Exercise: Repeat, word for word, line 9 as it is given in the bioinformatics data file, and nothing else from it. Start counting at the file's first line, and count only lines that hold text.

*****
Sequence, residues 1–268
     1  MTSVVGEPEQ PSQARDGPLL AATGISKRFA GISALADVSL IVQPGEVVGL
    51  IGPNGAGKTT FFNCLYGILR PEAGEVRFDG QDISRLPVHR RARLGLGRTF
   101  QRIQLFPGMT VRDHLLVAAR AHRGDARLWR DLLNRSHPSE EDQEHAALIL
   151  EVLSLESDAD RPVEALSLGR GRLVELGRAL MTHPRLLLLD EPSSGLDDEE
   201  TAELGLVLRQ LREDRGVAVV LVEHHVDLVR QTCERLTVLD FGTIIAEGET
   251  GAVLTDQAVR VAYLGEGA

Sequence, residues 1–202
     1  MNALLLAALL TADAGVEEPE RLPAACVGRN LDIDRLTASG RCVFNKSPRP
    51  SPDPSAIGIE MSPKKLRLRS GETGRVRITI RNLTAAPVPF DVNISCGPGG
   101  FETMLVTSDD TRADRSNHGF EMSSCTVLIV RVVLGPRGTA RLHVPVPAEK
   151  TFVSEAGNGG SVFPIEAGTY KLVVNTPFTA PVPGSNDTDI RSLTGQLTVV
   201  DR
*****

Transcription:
     1  MNALLLAALL TADAGVEEPE RLPAACVGRN LDIDRLTASG RCVFNKSPRP